A crowning achievement

The stunning Elizabeth Quay Pedestrian Bridge is the jewel in the crown of Perth’s vibrant new waterside precinct. It is born from collaboration and a unique approach to bridge design.At the end of January 2016, Perth’s landmark waterfront development, which was designed to reconnect the CBD with the Swan River – Elizabeth Quay – opened to the public.

Visitors to the new precinct can traverse the area’s striking new pedestrian and cyclist bridge, which spans the entrance to the Elizabeth Quay inlet.

The 110-metre-long, 22-metre-high cable-stayed Elizabeth Quay Pedestrian Bridge with leaning double arches is a visually distinctive addition to the area.

The Metropolitan Redevelopment Authority, the body tasked with delivering the broader project, engaged CPB Contractors (previously known as Leighton and Broad) as the main contractor and global engineering consultancy firm Arup as the lead consultant on the bridge project.

Stewart Buxton, Project Manager and Associate at Arup’s Perth office, worked on the project and explains that the complex nature of the bridge design required a lot of collaboration.

“We brought together staff and industry experts from 10 Arup offices in four continents,” says Mr. Buxton. “We had wind specialists in London, structural analysis specialists in the Netherlands, our Global Bridge Leader in Hong Kong as well as staff from Australia and Singapore.”

The job of designing a unique bridge for the precinct provided many opportunities for Arup’s architectural and engineering team to flex their creative muscles, but it also presented many challenges.

“The brief basically came down to a couple of points. The bridge needed to be simple, iconic and traditional,” says Mr. Buxton.

While the aesthetic requirements were left to the imagination of the design team, there were many complex technical prerequisites required of the structure’s design given its proximity to the Swan River.

“The ferry needed to be able to sail underneath the bridge, but do so without disrupting accessibility for people crossing the bridge, meaning one major engineering challenge was the clearance requirements,” he says.

Being integrated with the Swan River also meant there were a number of environmental considerations that needed to be taken into account when designing the structure.

“The environmental aspects of the design were less to do with the overall aesthetics and more to do with its construction and maintenance,” explains Mr. Buxton.

For instance, the team aimed to use building materials that could be cleaned with minimal chemicals and require little maintenance.

CPB Contractors built a bund to enable the construction and installation of many of the different components of the precinct, including the three central steel-reinforced concrete piers supporting the pedestrian bridge. This helped improve safety on the installation of the bridge and lessen the environmental impact on the river.

Mr. Buxton says the Swan River Trust, the advisory body for the protection of the Swan River, approved the process, which has subsequently been used for other projects on the river.

Structural steelwork was used as a main element in the design, allowing for a slender and flexible ‘s’ shaped deck design.

The five-metre-wide deck has a depth of just 250 millimetres at its edges and is “thinner than the height of an A4 piece of paper” as Mr. Buxton puts it.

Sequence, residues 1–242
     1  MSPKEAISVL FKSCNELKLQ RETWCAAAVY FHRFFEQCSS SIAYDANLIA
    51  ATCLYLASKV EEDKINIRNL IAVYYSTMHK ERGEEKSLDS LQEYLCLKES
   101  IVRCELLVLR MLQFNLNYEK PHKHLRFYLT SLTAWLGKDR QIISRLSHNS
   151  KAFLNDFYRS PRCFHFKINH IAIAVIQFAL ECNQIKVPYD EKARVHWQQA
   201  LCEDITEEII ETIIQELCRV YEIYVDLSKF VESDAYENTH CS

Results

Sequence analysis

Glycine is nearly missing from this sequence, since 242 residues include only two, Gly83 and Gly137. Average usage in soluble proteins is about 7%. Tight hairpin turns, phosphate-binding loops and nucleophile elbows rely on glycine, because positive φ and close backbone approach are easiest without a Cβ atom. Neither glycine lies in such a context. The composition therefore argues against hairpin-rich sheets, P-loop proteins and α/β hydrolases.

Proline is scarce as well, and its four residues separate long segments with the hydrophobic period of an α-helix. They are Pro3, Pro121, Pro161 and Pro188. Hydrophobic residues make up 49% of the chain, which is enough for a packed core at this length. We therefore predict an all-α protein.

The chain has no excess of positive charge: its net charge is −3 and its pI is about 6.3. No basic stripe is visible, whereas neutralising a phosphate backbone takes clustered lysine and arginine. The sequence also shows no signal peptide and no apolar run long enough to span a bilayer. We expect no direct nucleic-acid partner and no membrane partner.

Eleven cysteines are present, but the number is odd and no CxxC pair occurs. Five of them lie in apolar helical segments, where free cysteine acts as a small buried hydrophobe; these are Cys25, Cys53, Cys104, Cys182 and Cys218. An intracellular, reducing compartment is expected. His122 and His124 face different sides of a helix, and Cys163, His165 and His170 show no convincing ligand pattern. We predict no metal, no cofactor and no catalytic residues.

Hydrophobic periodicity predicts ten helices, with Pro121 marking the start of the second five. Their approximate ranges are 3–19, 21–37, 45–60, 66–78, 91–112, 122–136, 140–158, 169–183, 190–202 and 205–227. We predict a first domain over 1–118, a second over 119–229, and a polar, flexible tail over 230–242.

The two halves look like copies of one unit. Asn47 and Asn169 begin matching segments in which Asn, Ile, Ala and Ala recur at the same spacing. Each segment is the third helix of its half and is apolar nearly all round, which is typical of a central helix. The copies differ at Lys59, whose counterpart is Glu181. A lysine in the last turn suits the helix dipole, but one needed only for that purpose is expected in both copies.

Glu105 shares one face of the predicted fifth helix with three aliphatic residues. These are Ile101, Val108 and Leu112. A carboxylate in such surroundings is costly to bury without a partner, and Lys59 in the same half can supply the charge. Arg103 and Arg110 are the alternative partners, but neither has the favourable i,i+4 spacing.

The curved form of the bridge deck met the clearance requirements for the ferry channel and is complemented by the 22-metre-high pair of leaning steel arches.

Part of Arup’s design success came from the use of Rhino and Grasshoppper scripts, which facilitated shared modelling between architects and engineers. This helped the team to optimise any efficiencies in the arches geometry relative to that of the bridge deck.

“There are other cable-stayed bridges and other double arch bridges leaning from one side out there, but I haven’t seen these concepts all together in one bridge anywhere else in the world,” asserts Mr. Buxton.

The structure’s unique design has garnered much industry praise, and the project received a number of top engineering awards. The bridge was awarded an Engineers Australia Award for Excellence – Buildings and Structures and an Australian Steel Institute, Steel Excellence Award – Engineering Projects in 2016.

Most recently it took home the prestigious Award for Pedestrian Bridges at the 2016 Structural Awards, an international industry awards event convened by the Institution of Structural Engineers.

“It’s very humbling to be recognised when there are so many amazing bridges out there,” says Mr. Buxton. “Winning the global pedestrian bridge award for 2016 is an amazing achievement, and it is one that acknowledges the work of the wider team and the effectiveness of all those involved in the overall Elizabeth Quay redevelopment.”

Arup’s design excellence resulted in a bridge that responded exceptionally to the MRA’s core brief of an iconic structure that is timeless and refined in its simplicity.

Arup also provided structural engineering and façade services for other parts of Elizabeth Quay, most notably the vehicle bridge, the inlet wall, and relocation of the Florence Hummerston Kiosk, a well-known heritage building dating back to 1928 that was moved from the nearby Esplanade and has been reopened as a family restaurant.

The aim of the broader redevelopment was to connect the city and the river and bring the CBD to the water’s edge, which, Mr. Buxton says, it has accomplished. “My view is that the precinct as a whole has achieved that, and the bridge is the crowning part of that achievement.”

*Image courtesy of Dion Photography

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